The Buddhism doctrine tells you that you(not your soul!!!) will rebirth after your death in one of the following types: a Hell inhabitant, an animal, a human beeing, a spirit, a god. All these hypostasises include some suffering, even gods, and only a human beeing can carry out a decision to escape from the cycle. Gods, for example, can’t do it, because they enjoy their life too much. The choice – which hypostasis to choose is detected by karma(the idea of karma is close to the induism) and desire.
FNT is one of the basic doctrine inside the Buddhism. The idea was formulated originally by Buddha. You can consider on it as on the direction to Buddhism’s fellows. Those Truth, as well as the whole conception of Buddhism, are all to do with suffering.
- The Nature of Suffering (Dukkha):
“This is the noble truth of suffering: birth is suffering, aging is suffering, illness is suffering, death is suffering; sorrow, lamentation, pain, grief and despair are suffering; union with what is displeasing is suffering; separation from what is pleasing is suffering; not to get what one wants is suffering; in brief, the five aggregates subject to clinging are suffering.”
- Suffering’s Origin (Samudaya):
“This is the noble truth of the origin of suffering: it is this craving which leads to renewed existence, accompanied by delight and lust, seeking delight here and there, that is, craving for sensual pleasures, craving for existence, craving for extermination.”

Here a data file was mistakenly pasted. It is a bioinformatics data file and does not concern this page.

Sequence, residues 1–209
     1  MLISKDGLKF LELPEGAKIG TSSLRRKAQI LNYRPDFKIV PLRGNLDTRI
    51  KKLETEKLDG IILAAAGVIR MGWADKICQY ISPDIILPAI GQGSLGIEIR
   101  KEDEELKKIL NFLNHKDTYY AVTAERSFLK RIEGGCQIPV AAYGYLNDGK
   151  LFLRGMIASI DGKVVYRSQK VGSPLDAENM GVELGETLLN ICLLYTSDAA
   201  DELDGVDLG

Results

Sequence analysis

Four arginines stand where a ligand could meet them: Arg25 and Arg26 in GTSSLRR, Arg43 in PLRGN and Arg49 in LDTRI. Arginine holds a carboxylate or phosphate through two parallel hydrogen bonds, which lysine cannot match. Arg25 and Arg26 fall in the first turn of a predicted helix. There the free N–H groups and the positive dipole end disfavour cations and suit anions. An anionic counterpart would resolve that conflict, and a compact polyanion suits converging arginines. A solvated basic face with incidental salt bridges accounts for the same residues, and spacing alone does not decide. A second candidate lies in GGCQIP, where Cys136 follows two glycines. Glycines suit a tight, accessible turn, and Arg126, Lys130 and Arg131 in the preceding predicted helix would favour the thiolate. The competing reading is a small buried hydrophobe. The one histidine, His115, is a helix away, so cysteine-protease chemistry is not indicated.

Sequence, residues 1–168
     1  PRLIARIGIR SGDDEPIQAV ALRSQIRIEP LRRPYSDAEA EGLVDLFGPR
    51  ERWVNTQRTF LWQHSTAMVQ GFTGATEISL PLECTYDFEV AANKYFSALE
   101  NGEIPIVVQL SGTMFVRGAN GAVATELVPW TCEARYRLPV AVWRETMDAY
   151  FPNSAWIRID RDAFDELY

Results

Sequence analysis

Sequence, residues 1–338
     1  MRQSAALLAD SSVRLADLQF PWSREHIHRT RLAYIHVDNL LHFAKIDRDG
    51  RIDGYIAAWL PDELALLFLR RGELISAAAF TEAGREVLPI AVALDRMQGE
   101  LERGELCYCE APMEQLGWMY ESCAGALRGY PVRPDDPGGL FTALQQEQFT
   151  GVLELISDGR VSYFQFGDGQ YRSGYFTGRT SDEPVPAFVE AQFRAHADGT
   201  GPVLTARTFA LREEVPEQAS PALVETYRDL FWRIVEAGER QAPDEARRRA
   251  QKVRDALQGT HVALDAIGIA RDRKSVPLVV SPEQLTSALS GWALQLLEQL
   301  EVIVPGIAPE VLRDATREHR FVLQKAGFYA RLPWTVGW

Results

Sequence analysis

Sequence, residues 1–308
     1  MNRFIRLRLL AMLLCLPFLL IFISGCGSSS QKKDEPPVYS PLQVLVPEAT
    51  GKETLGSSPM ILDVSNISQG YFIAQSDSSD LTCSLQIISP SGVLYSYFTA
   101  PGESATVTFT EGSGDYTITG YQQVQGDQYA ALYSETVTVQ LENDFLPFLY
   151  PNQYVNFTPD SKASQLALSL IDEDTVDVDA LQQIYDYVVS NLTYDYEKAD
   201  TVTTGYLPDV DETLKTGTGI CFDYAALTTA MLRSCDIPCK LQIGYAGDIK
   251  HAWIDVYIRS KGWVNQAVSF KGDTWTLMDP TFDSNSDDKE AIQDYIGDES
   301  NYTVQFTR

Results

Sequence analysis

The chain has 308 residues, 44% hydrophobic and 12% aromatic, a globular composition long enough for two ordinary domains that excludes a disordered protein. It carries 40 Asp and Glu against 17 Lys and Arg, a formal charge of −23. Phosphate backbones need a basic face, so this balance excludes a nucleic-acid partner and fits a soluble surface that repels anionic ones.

- Suffering’s Cessation (Nirodha):
“This is the noble truth of the cessation of suffering: it is the remainderless fading away and cessation of that same craving, the giving up and relinquishing of it, freedom from it, nonreliance on it.”
- The Way (Magga) Leading to the Cessation of Suffering:
“This is the noble truth of the way leading to the cessation of suffering: it is the Noble Eightfold Path; that is, right view, right intention, right speech, right action, right livelihood, right effort, right mindfulness, right concentration.”
[A part of this text – http://en.wikipedia.org/wiki/Four_Noble_Truths%5D
The NEP is one of the principal teachings of the Buddha, who described it as the way leading to the cessation of suffering (dukkha) and the achievement of self-awakening. It is used to develop insight into the true nature of phenomena (or reality) and to eradicate greed, hatred, and delusion. The Noble Eightfold Path is the fourth of the Buddha’s Four Noble Truths; the first element of the Noble Eightfold Path is, in turn, an understanding of the Four Noble Truths. It is also known as the Middle Path or Middle Way. Those “right” principles are extremely important for the Mahayama, where the idea of getting better requires the same paths.
[A part of this text – http://en.wikipedia.org/wiki/Noble_Eightfold_Path%5D
Buddhist scriptures and other texts exist in great variety. Different schools of Buddhism place varying levels of value on learning the various texts. Some schools venerate certain texts as religious objects in themselves, while others take a more scholastic approach. Buddhist scriptures are written in these languages: Pāli, Tibetan, Mongolian, Chinese, along with some texts that still exist in Sanskrit and Buddhist Hybrid Sanskrit. In comparison with other religions Buddhism doesn’t has a central text, because there isn’t a single idea or few commandments. It’s a really complicatad philosophical system, but not a religion in an original meaning of this word.
[A part of this text from – http://en.wikipedia.org/wiki/Buddhism#Buddhist_texts%5D